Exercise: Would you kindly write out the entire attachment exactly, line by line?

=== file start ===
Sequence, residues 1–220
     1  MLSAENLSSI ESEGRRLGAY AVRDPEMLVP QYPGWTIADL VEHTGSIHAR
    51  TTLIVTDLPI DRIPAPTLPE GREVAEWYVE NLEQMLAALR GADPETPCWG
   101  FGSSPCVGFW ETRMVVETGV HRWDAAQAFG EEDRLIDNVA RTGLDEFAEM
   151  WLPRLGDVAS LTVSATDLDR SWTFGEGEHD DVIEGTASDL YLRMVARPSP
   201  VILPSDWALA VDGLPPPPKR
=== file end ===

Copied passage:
Sequence, residues 1–220
     1  MLSAENLSSI ESEGRRLGAY AVRDPEMLVP QYPGWTIADL VEHTGSIHAR
    51  TTLIVTDLPI DRIPAPTLPE GREVAEWYVE NLEQMLAALR GADPETPCWG
   101  FGSSPCVGFW ETRMVVETGV HRWDAAQAFG EEDRLIDNVA RTGLDEFAEM
   151  WLPRLGDVAS LTVSATDLDR SWTFGEGEHD DVIEGTASDL YLRMVARPSP
   201  VILPSDWALA VDGLPPPPKR